One of the key selling points of ceramic PCBs is that they have a greater capacity than regular circuit boards. In other words, ceramic PCBs can hold more components using the same amount of surface area than a conventional PCB. Therefore, ceramic PCBs have a greater number of potential applications using a multi-layer interconnect board.
Various computing firms have used low-temperature ceramic circuit (LTCC) boards to create superior analog and digital boards with superior circuit tracing. Personal computer companies have utilized LTCCs to create a host of lightweight circuits that reduce the total weight of the product and minimize crosstalk interference.
HTCCs and LTCCs alike are used in the manufacturing of solar panels and other photovoltaic (PV) electrical panels. PV panels utilize multilayered ceramic board technology to ensure longevity and adequate thermal conductivity.
Electric Power Transmitter
Wireless power transfer and charging modules are becoming increasingly common consumer electronics devices. These devices are constructed using ceramic PCB technology because of their unique thermal properties and heat-dissipation ceramic substrate.
Ceramic circuit boards are used to create an electromagnetic field with which to transfer energy between a receiver and a transmitter. Induction coils facilitate the transfer of electricity from the original electromagnetic field and convert it into an electrical current for the receiver circuit. Often, the receiver circuit is made of ceramic-based PCB materials.
More and more electronic devices are becoming miniaturized. Behind the miniaturization of consumer electronics are semiconductor chips, which are getting smaller and smaller every year. Semiconductor chips use micro-fabrication technology to allow for higher integration at high speeds while maintaining optimal tracing capabilities.
Traditional PCBs cannot facilitate the number of circuit functions required of modern-day semiconductor chips. However, the advent of ceramic-based semiconductor circuits has led to superior integration and performance among miniature circuit assembly. Therefore, ceramic PCB substrates are often considered the future of semiconductor technology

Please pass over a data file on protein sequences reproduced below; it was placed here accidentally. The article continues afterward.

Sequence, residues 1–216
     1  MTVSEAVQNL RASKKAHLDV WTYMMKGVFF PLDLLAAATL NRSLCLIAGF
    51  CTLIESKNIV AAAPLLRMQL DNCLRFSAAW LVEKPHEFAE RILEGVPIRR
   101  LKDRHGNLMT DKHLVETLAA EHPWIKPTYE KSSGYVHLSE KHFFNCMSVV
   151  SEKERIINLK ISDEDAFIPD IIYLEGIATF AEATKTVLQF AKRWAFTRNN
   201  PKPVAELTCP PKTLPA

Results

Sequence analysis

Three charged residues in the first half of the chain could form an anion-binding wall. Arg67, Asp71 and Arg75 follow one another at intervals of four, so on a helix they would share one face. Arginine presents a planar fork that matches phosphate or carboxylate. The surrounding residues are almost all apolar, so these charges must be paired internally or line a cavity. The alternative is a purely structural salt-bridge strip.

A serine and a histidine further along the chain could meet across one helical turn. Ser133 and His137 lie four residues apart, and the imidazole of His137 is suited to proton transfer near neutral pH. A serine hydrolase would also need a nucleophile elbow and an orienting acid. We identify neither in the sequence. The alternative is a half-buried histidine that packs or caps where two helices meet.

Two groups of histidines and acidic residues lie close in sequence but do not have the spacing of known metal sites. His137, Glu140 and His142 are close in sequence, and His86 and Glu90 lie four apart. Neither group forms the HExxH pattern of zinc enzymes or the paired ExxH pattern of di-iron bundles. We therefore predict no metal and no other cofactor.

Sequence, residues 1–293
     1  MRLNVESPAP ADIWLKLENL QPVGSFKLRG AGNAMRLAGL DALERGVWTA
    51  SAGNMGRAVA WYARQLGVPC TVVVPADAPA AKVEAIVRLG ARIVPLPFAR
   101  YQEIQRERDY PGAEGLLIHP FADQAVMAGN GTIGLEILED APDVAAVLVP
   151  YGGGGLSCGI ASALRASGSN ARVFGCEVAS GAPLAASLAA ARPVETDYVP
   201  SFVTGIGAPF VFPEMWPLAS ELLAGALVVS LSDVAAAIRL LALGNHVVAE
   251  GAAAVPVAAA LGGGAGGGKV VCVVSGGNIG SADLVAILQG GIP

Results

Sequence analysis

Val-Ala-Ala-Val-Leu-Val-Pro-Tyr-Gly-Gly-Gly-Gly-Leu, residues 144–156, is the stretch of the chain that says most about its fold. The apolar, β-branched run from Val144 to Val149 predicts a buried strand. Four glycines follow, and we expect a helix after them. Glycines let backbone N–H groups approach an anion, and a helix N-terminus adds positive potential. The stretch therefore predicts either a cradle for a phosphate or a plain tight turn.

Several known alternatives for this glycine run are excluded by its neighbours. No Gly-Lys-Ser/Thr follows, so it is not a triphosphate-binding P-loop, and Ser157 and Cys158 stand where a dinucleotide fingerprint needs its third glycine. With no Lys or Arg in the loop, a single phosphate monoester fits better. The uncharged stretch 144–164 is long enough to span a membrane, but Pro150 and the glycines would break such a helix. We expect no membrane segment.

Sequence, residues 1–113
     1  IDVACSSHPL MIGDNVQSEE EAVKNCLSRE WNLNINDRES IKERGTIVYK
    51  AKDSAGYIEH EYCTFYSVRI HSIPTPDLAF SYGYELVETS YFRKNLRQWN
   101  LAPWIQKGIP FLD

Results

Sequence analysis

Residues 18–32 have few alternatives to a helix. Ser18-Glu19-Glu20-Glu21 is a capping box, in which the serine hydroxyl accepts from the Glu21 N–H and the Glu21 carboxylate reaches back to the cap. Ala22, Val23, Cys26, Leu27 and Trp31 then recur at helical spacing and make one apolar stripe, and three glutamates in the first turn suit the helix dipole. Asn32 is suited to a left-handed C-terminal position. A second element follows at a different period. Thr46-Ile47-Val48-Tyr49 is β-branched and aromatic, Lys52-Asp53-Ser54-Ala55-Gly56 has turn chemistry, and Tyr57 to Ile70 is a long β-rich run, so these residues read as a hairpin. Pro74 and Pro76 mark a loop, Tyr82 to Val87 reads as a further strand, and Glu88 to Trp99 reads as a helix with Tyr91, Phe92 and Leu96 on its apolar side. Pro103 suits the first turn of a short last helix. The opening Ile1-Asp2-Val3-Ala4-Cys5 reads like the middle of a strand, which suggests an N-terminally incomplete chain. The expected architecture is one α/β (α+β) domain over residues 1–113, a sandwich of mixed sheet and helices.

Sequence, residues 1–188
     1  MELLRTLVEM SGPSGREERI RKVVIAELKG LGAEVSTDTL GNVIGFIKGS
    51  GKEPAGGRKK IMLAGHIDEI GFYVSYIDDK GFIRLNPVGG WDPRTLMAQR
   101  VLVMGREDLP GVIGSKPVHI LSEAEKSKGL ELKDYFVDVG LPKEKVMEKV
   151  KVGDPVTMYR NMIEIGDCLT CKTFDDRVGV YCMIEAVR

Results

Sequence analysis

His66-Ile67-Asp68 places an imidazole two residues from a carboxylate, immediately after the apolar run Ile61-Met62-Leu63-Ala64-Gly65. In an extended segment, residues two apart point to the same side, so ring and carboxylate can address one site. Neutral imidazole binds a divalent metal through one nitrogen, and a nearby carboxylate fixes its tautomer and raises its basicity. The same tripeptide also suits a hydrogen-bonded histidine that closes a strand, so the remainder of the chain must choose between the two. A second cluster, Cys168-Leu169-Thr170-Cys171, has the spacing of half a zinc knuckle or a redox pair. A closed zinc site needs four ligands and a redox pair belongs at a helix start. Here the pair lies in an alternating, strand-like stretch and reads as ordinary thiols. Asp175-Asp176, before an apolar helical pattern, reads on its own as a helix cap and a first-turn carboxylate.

High Power LED
Ceramic substrates provide an optimal submount for high power LED lights. Unlike conventional PCBs, ceramic circuits use thick film technology to maximize thermal efficiency. The result is that the heat produced by the LED light (LEDs are roughly 70% heat) does not impact the circuit operational efficiency.
In other words, only ceramic circuits offer the level of thermal efficiency required for LED light production. When LEDs are built on ceramic circuits, thermal interface materials, also known as heat sinks, are not required. Therefore, there are fewer materials needed to produce and maintain LED light if the manufacturer uses ceramic circuitry.
Ceramic PCB Types
Also known as Al2O3 and metal base PCB, Alumina is a PCB type that utilizes dielectric thermally conductive and electrically insulated material between the aluminum metal and the copper layer. It is the PCB of choice for anything that involves heat dissipation as well as overall temperature maintenance and control.
Aluminum constructions are usually made up of three layers. A circuit layer made of copper around 1 to 10 oz. thick, an insulating layer made of thermally conductive and electrically insulated material, and a base layer made of copper or aluminum metal substrate.
Aluminum PCBs come in several types. There’s the Flexible type, the Hybrid, the Multilayer, and the Through Hole types.
Also known as Aluminum Nitride, AIN is a new material that has been developed into a commercially viable product. It comes with properties that are both reproducible and controlled within the last two decades.
AIN is an effective choice because of its good dielectric properties, low thermal expansion coefficient, high thermal conductivity, and its non-reactiveness with common semiconductor process chemicals, among others.
Aluminum Nitride PCBs are commonly used in heat sinks, microwave device packages, molten metal handling components, substrates for electronic packages, and semiconductor processing chamber fixtures and insulators, just to name a few.